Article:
Adding more doubt to China’s technological prowess, a former senior engineer for the Chinese rail ministry, Zhou Yimin, said the claim that the train could run at 350 kph was “fraudulent,” reports China Daily. Quoted in The Financial Times, Mr. Zhou called the high speed targets as dangerous “fabrications” put in place by the former rail minister Liu Zhijun. He went on further to question the rail system’s safety, saying that China’s two largest rail manufacturing groups, China North Locomotive and Rolling Stock Corp and China South Locomotive and Rolling Stop Corp made their trains faster by “eating into the safety tolerances” of previous trains.

He went further still to say that rail authorities routinely covered up technical failures, citing emergency train stops due to land sagging beneath tracks or because equipment covers had fallen off. “In fact, there are often small problems on some lines,” he was quoted as saying in the 21st Century Business Herald, “and some problems that look small but actually are not–but all of them are being kept secret.” A spokesman from the Railways Ministry dismissed the comments, saying Mr. Zhou retired too early to know what the situation is now.

Two-hundred miles per hour huh? Um, you go first.

They’ve also had problems off the track. This past March it came to light that nearly $30 million of funds allocated to the CRH380 project had been misappropriated. Investigators uncovered multiple cases of embezzlement and other “irregularities” during a three month period of construction last year. The scandal reached all the way to the top of the Chinese government. Liu Zhijun, railway minister at the time, was dismissed and most likely faces criminal charges. Also dismissed was the rail ministry’s deputy chief engineer.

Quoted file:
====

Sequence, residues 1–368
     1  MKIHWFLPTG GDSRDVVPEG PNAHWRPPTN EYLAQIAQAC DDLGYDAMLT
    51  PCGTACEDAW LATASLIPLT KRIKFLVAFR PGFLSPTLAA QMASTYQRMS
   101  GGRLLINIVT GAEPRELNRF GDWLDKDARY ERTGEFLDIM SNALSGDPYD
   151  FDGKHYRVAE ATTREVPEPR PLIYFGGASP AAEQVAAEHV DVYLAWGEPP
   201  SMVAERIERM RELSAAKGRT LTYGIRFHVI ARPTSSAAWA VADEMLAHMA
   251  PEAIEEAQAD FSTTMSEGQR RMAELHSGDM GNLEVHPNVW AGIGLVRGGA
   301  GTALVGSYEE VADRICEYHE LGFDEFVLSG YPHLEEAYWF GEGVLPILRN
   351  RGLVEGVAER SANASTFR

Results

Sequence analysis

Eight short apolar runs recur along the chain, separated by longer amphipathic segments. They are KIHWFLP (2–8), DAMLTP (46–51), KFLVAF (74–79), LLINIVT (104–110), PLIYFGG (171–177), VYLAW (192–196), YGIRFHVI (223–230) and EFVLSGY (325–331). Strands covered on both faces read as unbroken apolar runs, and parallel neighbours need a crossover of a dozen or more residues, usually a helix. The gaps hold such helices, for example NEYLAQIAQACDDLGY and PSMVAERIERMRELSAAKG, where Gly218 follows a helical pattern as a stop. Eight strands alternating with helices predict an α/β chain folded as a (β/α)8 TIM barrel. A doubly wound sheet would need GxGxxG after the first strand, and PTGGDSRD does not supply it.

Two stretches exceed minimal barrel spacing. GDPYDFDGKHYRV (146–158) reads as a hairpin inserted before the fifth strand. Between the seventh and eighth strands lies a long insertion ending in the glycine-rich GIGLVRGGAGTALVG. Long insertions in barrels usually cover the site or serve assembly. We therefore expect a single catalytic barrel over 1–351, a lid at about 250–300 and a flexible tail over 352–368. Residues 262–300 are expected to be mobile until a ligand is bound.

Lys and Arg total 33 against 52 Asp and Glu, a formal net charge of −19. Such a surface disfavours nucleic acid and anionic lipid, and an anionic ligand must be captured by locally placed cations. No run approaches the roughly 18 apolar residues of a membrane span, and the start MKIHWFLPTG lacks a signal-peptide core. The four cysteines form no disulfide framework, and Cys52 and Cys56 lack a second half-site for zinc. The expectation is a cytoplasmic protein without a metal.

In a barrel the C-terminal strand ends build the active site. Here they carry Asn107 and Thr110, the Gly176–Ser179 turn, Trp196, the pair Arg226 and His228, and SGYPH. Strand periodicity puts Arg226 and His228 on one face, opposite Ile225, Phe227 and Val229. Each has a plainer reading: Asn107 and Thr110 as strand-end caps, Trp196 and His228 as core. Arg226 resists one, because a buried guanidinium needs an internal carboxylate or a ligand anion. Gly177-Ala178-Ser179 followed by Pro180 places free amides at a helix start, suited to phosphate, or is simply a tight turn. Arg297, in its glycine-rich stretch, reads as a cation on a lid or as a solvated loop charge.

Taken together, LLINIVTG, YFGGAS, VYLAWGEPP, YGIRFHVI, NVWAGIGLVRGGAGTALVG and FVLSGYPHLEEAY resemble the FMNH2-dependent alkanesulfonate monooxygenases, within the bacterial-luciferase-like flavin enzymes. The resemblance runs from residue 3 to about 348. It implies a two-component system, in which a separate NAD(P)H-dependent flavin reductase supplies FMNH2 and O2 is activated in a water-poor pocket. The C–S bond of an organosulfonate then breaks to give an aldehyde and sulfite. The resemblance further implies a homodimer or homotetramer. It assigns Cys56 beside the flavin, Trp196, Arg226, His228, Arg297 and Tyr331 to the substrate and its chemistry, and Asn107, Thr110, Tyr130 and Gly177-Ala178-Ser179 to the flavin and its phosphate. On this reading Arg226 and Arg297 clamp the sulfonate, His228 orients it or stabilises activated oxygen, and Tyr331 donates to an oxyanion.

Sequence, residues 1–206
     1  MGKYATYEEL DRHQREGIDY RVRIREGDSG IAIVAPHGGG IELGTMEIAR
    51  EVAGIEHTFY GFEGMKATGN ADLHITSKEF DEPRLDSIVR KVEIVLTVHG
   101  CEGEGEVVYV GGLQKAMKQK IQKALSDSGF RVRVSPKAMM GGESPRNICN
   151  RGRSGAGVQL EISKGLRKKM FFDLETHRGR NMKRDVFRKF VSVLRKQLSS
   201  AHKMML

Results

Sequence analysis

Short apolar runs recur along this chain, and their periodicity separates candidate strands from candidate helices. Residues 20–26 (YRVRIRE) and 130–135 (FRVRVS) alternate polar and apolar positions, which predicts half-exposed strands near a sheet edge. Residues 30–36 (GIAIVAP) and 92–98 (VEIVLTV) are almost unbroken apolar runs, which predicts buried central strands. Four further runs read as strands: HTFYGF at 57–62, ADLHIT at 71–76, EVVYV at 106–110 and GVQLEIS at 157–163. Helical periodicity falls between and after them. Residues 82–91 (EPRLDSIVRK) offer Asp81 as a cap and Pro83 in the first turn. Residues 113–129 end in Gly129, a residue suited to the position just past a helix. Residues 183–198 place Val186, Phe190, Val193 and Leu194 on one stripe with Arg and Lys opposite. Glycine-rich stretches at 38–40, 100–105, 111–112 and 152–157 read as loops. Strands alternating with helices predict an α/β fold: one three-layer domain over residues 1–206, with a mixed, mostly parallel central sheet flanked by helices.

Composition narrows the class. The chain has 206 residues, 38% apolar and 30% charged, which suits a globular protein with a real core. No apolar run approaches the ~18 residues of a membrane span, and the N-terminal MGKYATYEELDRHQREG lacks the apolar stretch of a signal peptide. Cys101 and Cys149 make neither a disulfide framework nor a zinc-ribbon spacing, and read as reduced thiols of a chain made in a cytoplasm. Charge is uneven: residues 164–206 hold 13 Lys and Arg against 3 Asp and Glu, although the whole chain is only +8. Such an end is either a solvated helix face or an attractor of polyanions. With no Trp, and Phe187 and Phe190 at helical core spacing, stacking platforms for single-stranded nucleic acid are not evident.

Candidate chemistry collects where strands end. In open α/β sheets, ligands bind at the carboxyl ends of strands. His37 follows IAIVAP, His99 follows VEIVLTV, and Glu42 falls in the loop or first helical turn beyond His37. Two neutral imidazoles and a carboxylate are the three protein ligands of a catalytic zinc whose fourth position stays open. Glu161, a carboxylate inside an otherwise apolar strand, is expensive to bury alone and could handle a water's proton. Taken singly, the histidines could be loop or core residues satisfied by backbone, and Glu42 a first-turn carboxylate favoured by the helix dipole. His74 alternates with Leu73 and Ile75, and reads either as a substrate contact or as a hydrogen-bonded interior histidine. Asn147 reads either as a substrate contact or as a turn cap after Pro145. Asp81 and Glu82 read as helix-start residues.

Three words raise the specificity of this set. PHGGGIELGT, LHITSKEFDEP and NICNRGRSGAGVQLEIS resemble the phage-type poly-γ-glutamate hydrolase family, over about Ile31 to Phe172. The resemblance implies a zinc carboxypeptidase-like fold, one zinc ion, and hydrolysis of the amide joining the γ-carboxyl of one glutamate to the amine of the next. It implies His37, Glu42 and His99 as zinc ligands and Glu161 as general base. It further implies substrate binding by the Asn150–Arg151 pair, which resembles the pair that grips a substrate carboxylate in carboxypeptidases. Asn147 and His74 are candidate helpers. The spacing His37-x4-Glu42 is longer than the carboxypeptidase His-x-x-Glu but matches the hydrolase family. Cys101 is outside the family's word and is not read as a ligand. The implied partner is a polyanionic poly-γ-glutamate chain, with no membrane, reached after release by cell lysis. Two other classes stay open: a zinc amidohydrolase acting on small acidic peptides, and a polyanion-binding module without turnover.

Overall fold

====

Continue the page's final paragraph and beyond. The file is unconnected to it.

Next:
While corrupt rail ministry chiefs doesn’t necessarily mean compromised safety, it certainly doesn’t inspire confidence.

The CRH380 line includes 1,318 km of track between Beijing and Shanghai and cost $32.5 billion. Like the 1,500 km (3,100 miles) of high-speed rail being laid down to link up nine of China’s major manufacturing cities, the CRH380 is an investment in the country’s future. But not everyone sees it that way. In addition to safety and corruption, a major criticism dampening the champagne-smashing mood are the train’s ticket prices. Fares start out at $86. According to the LA Times, this is “equivalent to a tenth of an average urbanite’s monthly salary.” In a country where the growing worldwide divide between rich and poor is even more pronounced the CRH380 is viewed by many as an elite shuttle that leaves the poor in the dust. The priciest tickets will cost travelers $279, depending on travel speed and seating.